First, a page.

Interpretations of nature and role divisions have not made life any easier for men or for women, but there are still some ways out. We already know education is one way out, and, as some groups have demonstrated, when resources fail, new alternatives start to grow. Right now, I have two good examples that have worked very well: non-formal education and technology (both mixed and separate). Non-formal education consists mainly in groups that don’t belong to the academic formal system (like primary school for example) but provide education in a flexible yet organized fashion. Most of us have been surrounded by many incarnations of non formal education: short courses, Sunday school, dance classes, and other extracurricular activities that take place outside of the traditional school setting. On the other hand, technology and its many uses have been an advantage for encouraging gender equality. As so many societies consider computers and the Internet to be a male-dominated field, many women’s organizations try to advocate for women’s rights and education have used technology as their main tool for empowerment. From initiatives like the Indian Blank Noise Project, which defends the rights
of women against abuse and stalking, to the Egyptian project Women of Minya Day by Day, which fights taboos that keep women subjected to men at work and at home; advocacy for women’s rights and empowerment are present around the web. Projects mixing non-formal education adapted to women’s needs have been seen, for example, in Bangladesh and Venezuela. The wonderful Nari Jibon (‘Women’s life’ in Bangla) have given some
women from Dhaka the chance to have a space to learn how new technologies work for different uses. Training in tailoring, hardware reparation, blogging, English, and Bangla for those that don’t know how to read and write, opened the door for better jobs, more money for the families, less violence at home, and more decision-making based on intellectual and economic independence. This project has seen its ability to continue challenged, but the knowledge and empowerment of these women remain and is seen, in some cases, through the writing of bloggers. In Venezuela, the project Aliadas en Tecnología stands for the same goals, motivating women to explore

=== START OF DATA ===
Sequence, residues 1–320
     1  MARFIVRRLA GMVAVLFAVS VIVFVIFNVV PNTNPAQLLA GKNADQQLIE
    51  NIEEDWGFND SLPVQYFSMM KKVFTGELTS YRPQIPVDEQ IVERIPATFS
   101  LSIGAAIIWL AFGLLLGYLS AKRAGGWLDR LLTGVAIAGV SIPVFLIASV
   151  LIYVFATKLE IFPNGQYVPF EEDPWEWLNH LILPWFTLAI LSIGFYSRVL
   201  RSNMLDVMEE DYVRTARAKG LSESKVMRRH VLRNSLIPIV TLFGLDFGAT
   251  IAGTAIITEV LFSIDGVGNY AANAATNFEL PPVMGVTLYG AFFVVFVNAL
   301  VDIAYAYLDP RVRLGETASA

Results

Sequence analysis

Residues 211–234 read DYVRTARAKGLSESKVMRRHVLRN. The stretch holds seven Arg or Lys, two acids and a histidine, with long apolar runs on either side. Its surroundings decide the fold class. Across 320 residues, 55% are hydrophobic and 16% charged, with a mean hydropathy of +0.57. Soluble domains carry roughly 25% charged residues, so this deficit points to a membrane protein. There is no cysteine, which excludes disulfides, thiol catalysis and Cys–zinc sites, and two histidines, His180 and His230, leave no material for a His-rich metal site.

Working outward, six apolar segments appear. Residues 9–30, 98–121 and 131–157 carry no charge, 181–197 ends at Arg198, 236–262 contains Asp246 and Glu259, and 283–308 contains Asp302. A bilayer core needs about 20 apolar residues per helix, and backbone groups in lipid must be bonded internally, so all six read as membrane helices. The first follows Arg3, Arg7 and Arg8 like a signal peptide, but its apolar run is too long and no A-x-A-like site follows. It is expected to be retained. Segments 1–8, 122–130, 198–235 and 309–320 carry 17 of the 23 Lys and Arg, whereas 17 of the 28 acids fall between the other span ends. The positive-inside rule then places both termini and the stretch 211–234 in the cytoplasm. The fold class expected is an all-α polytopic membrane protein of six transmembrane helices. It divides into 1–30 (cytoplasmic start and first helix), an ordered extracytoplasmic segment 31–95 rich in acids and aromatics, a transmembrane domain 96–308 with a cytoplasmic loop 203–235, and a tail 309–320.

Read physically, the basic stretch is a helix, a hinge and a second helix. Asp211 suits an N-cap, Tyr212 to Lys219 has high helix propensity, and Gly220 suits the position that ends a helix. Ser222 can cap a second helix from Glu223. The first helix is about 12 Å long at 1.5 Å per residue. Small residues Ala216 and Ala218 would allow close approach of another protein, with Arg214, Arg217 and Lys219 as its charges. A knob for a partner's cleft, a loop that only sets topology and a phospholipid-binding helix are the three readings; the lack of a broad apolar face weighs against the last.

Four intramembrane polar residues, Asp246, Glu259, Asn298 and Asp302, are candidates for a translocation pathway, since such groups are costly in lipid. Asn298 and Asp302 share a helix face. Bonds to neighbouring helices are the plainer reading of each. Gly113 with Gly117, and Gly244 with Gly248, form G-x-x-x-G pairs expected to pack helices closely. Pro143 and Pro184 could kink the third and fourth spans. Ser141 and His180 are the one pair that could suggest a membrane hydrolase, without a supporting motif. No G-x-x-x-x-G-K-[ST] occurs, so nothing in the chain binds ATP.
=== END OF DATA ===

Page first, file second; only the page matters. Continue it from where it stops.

their attitudes, gain independence, and reinvent themselves beyond the traditional role of wife and mother.
Fortunately, the examples of advocacy are not few. Unfortunately, these efforts are small in front of the immense challenges.
Collaborating, spreading information and supporting ideas like this one could be a beginning. Nevertheless, one of the most important steps is to actually be aware of the lack of equality that still surrounds us. To stand against the inequalities imposed by boys over girls at school, as subtle as they might be, as well as the roles and ideal images of men and women dictated by social conventions and mainstream media. Seeing numbers of women increasing in Western (and western-like) universities is not enough to know that the goal has been achieved. Being able to think, to question, and to point out, although not always easy or simple, are the first steps to disarm the failure of imagination brought by domination—not only male, but any female domination of any kind.
Fortson, C. 2003. Women’s Rights Vital for
Developing World. Yale News Daily.
Dowling, C . 1982. The Cinderella Complex:
Women’s Hidden Fear of Independence.
New York: Pocket Books.
UNESCO. 2003. Gender and Education for All:
The Leap to Equality. Paris: Graphoprint.
UNESCO. The Millennium Development
Goals and Water